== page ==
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In case you need to be reminded, the aforementioned Porker, Bimmer and Rangie all cost well into £80,000 to £110,000 for equivalent specifications and, for my money, the Volvo is by far the most attractive of the lot. I should point out that I do NOT possess the funds to buy one, even though I might aspire to it, but I do know a lot of people who can and the XC90 is definitely on their shortlists.

 

Another aspect of the love affairs that we all generate for our specific choices of cars lies in the detail finish of the XC90. It is utterly beautiful inside. Finest Nappa hide covers almost all surfaces, which provide a cosseting and lounge comfortable environment for all occupants. There is bags of space within the cabin and a pair of extra jump-seats at the rear means that this XC90 can comply with go-anywhere MPV demands too. However, the first thing that strikes you, when you slip behind the steering wheel, is the phenomenal beauty of the Orrefors cut-crystal gear-knob, atop the selector for the 8-speed automatic transmission. While I am sure that you might be able to specify a not dissimilar device for your Range Rover, Volvo fits this iconic Swedish glass detail as standard in the T8.

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As to the rest of the interior, it exudes a naturalistic air of high quality about it, from the portrait-view touch-screen in the dash-centre, to the knurled metal cube that starts the engine and the engine-turned switchgear that presents a sense of occasion every time the car is driven. It is stunning. Yet, it manages to look classy and timeless in its appeal, while retaining an atmosphere of practical durability. While the Defender might still serve as the ‘farmer’s friend’, his Lordship will travel to the monthly meetings and annual agricultural society dinner at the controls of the XC90.

 

Its lofty ride height, while not presenting any access issues to the cabin, does affect the ride and handling compromise. Although air-damped, the long-travel coil springs are fairly soft and compliant, which promotes some initial lean on corners, although the overall balance of the car (even driving it like a lunatic on some of Lincolnshire’s back-doubles) remains eminently safe, with excellent grip from the tyres and a fairly neutral stance. The four wheel drive can be felt in extreme situations, where slight plough-on understeer can be detected through the steering wheel rim. It is not bad but it does warn you that the edge (not normally a Volvo trait) might be around the next bend!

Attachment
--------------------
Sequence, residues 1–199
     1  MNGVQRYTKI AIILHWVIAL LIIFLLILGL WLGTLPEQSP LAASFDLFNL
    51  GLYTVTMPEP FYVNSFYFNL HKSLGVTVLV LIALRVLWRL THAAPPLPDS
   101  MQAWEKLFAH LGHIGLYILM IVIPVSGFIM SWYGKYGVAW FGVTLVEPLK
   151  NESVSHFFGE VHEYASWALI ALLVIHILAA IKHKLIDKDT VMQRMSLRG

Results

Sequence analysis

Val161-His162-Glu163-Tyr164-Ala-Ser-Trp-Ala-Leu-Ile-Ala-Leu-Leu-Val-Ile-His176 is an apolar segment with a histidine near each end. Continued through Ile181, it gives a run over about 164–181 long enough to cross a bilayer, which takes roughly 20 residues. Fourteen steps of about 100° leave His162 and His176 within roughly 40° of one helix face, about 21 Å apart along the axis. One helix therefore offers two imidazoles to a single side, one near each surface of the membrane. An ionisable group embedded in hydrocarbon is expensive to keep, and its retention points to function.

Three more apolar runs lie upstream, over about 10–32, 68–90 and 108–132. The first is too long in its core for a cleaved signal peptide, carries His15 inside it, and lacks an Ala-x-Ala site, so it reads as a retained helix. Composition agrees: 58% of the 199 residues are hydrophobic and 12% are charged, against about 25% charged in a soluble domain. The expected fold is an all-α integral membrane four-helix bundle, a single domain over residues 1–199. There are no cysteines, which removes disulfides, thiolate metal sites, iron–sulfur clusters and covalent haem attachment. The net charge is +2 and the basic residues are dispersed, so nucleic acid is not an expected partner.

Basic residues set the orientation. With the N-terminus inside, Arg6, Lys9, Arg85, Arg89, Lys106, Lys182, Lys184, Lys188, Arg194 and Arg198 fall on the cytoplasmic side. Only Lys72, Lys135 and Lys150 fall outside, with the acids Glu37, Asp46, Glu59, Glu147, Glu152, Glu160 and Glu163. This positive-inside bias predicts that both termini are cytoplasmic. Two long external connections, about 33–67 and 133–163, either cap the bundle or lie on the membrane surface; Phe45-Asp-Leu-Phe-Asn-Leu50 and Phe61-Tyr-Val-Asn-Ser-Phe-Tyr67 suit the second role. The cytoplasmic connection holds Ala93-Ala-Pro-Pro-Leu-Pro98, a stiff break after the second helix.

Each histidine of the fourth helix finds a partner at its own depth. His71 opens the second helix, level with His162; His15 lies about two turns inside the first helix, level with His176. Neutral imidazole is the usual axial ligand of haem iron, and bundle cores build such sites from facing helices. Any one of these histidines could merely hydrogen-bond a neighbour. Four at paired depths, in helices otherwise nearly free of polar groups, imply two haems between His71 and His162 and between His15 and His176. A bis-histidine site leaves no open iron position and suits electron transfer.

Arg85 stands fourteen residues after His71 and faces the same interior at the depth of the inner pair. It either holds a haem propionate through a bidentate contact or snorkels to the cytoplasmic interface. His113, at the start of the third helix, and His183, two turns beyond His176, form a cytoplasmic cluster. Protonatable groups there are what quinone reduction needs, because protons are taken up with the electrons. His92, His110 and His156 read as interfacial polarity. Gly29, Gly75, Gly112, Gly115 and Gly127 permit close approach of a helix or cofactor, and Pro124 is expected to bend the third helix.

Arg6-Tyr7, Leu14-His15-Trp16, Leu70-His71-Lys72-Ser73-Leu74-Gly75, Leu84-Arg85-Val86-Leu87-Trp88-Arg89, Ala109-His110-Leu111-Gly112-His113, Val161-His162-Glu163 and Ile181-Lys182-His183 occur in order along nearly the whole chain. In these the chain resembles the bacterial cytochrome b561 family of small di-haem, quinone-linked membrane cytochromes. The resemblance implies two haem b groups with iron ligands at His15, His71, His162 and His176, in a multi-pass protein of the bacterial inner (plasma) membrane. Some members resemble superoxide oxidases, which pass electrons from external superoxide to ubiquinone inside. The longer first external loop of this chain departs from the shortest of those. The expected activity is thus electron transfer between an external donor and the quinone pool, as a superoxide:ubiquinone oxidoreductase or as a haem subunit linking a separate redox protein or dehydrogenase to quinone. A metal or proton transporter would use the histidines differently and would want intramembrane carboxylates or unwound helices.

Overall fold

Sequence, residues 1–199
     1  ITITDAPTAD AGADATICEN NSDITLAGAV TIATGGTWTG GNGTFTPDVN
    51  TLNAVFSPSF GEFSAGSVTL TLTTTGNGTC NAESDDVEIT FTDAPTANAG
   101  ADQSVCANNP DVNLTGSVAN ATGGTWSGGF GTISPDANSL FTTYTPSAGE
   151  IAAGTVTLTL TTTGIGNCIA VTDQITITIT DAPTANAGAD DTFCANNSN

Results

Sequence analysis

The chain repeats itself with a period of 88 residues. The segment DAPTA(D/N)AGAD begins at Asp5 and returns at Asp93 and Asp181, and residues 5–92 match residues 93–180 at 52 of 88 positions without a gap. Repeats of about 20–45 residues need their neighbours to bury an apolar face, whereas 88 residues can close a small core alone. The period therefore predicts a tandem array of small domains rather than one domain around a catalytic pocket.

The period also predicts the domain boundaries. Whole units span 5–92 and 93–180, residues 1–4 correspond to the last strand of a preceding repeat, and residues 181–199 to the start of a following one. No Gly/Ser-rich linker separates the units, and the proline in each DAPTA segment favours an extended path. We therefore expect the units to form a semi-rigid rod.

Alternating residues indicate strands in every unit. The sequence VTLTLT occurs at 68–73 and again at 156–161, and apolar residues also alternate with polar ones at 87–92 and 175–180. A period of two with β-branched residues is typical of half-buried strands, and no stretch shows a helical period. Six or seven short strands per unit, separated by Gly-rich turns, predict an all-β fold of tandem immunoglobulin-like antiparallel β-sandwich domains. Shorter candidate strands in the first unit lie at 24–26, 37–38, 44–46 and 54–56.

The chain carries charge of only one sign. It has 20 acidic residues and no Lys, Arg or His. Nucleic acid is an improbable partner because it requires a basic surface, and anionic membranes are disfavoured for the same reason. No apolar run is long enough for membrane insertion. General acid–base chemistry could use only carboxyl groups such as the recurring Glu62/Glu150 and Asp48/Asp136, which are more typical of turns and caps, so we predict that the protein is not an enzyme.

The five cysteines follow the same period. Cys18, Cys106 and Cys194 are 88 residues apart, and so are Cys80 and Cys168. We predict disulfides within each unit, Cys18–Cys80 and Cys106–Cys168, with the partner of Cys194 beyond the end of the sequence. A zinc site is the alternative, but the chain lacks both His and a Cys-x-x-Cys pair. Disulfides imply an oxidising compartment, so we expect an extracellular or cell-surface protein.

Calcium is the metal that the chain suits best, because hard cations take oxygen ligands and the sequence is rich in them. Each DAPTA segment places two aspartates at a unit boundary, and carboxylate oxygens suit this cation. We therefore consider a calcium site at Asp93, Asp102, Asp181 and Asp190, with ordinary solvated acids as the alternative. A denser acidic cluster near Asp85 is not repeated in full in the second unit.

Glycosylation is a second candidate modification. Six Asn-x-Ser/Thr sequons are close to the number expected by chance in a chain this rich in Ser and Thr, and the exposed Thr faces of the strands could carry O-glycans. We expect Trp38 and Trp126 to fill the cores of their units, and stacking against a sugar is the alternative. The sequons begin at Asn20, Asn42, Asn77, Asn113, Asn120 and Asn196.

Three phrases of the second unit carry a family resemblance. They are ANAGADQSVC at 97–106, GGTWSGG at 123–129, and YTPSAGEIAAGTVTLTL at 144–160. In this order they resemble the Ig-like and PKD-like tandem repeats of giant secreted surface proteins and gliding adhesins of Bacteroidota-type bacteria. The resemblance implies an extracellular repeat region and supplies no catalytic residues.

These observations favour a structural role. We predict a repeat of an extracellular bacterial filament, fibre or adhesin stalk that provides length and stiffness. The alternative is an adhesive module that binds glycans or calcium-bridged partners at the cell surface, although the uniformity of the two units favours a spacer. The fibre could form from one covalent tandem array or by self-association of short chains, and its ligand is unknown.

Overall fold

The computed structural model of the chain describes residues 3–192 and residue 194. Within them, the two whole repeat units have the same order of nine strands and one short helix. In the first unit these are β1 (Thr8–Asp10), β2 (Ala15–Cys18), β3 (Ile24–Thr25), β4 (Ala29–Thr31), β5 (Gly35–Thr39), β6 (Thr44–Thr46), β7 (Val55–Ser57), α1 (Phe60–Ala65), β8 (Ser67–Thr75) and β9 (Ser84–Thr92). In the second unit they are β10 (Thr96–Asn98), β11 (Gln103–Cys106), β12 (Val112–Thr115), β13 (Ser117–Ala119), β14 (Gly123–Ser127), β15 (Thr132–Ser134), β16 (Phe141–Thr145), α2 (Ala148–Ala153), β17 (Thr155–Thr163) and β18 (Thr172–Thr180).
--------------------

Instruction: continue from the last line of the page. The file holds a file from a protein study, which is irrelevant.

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As already stated, the performance envelope is impressive but there is another side to this car. It is most noticeable in fuel economy, which is given as 134.5mpg Official Combined, a figure that might be within reach, were the plug-in battery fully-charged and you were relying on it alone for your city commute. More impressive is the CO2 rating of just 49g/km, which means that your XC90 T8 becomes a tax-free haven in the main. How many actual owners will resort to EV-mode alone is in question, as far too many of them will want to dip into the supercar-baiting performance afforded by the petrol engine. Yet, I managed a perfectly respectable 45mpg in a mix of driving conditions that were mostly of the press-on variety. The bottom-line is Tax Band A and zero cost for VED, which makes this car a must have for the city-based executive in our topsy-turvy world.

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Conclusion:   From its nose, with its bold longboat grille, flanked by the Thor Hammers in the headlamps that provide its DRL signature, to the upright practicality of its tail, the Volvo XC90 T8 is awash with first-class appeal. It delivers performance in spades but sips fuel, in the right places, to make it remarkably cost-effective to live with. Tremendously comfortable and spacious, the cabin creates a state-room attraction unequalled by any other SUV, topped off with a crystal gear-knob. This Volvo is the ultimate Chief Executive’s car for all conditions.

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About Iain P W Robertson

Frequently being told to 'go forth and multiply', Iain P W Robertson's automotive wisdom is based on almost forty years in the business, across all aspects from sport to production, at the highest levels. He likes dogs and drives a Suzuki (not related).